How do you make any kind of educated guess? 

best Bulgarian wine

My wine store guide Kalin says that if you’re not on a strict budget, let price be your guide. “Only the best producers in Bulgaria can get away with charging more than 25 lev (12.5 euros): only the top restaurant owners and the people who really know wine will spend more than that.” So he says if you see a bottle priced at that level or above, it really has to be something exceptional, usually from a small producer or the “reserve” level from one of the larger ones. It will be a bottle that has won tasting awards or is highly regarded by the experts. 

If you get up to the €15 and above level, you’re pretty much guaranteed to be getting something special, “probably on par with a wine that’s 40 or 50 euros in Italy or France,” he says. 

I’m rarely at that lofty level when I’m not at an organized wine tasting, so I tend to go with the middle of the pack. I’ve often bought bottles of Bulgarian wine for the equivalent of a few euros and been very happy with what I’ve gotten, especially with the reds. 

If I’m buying for a party, which I was lately when I ran a ski trip in Bulgaria, I go for the best box wine available, which is a terrific bargain here. While box wine in the USA is often lousy (the leading producer once told a journalist that he could grow grapes on asphalt if he had to), in Europe it’s usually more than drinkable. That’s especially true here, where €10 to €12 can get you a few liters of something decent.

There’s even a stall at the “Ladies Market” in Sofia where they will fill up your jug with what you want for a great price: in the photo below, that’s the price in lev per liter, with 2 lev being roughly one euro. Sure, this will not be the best Bulgarian wine you will encounter on your trip, but at three euros per liter, you can’t really go wrong.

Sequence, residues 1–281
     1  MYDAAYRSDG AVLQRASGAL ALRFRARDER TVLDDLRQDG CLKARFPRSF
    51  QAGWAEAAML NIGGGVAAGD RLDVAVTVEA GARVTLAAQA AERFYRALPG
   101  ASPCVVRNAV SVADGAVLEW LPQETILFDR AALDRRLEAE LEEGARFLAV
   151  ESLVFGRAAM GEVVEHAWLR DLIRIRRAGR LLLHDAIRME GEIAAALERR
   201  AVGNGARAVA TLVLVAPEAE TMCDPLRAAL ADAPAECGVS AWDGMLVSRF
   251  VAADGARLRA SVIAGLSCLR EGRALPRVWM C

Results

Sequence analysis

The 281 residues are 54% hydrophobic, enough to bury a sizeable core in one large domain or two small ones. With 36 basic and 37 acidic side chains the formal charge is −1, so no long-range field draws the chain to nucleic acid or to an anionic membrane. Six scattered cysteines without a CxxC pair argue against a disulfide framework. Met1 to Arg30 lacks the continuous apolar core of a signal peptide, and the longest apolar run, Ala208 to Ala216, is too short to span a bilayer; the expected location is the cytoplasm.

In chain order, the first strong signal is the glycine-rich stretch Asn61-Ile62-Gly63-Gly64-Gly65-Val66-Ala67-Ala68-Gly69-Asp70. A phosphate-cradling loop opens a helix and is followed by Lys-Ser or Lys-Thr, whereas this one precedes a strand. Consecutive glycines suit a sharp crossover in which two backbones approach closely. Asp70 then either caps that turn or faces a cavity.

Bulgarian wine in bulk

There are certain brands, however, that are widespread and reliable, so if in doubt, they’re usually a safe choice. I’ve had good luck with Villa Melnik, Borovitza, Logodaj, and Merul. Minkov Brothers is the oldest, making the Cycle brand you’ll see everywhere (a solid bet). If you’re more discerning though, seek out a good wine shop like the one where I went to really get some insight into what’s good. Or go visit a vineyard or two. You can find tours if you’re near a wine-making region, such as the cities of Plovdiv and Varna. 

The wines we tried in my tasting were all from small producers, so they’re not so easy to find. If you do manage to visit a winery, buy what you like on the spot. The prices will be good and you may not ever see that brand again. 

One easy shortcut is to visit the wine shop where my tasting happened: Tempus Vini in Sofia, a city that’s really growing on me. This wine shop in the capital is so influential that they have their name on several releases from wineries that they work with. The owner probably knows more about Bulgarian wine than almost anyone, so tell him what you like or what you’re cooking and he’ll have some good options for you. He knows a lot of the producers personally too, so he might even tell you a good story to go with it. 

Then when I met up with my friends Nick and Dariece that run the Goats on the Road blog, they brought a few from a winery that’s so close to where they live outside of Plovdiv that they can walk to it: Dragomir. Hey, it was my birthday, so they brought the good stuff. (Two of their bottles, with Thracian references, are pictured at the top of this post.)

The red wines that company is producing are intense, complex, and expensive-tasting, the kind of wine you have with a hearty dinner rather than sipping on the terrace on a hot summer day. 

I’ll be back in Bulgaria again this summer to attend the Bansko Nomad Fest conference, hopefully gathering some good nuggets for the Nomadico newsletter I put out each week. I found a lot of interesting wines to try there in the supermarkets and mini-marts, but this time I plan to take an excursion to a proper wine shop there in a residential area to find a wider selection. Next time I’ve got something to celebrate, I’ll be a big spender and top the 10-euro level for some of the best Bulgarian wine.

Otherwise, I’ll keep taking advantage of the bargains. This is, after all, one of the cheapest wine regions in Europe

Book your own wine tasting experience in Bulgaria here

Jon W.

Wednesday 17th of May 2023

What an excellent article Tim, definitely one of your best! I had no idea that Bulgaria has so many excellent and affordable wines. I’ve officially added this amazing country to our future retirement destinations ?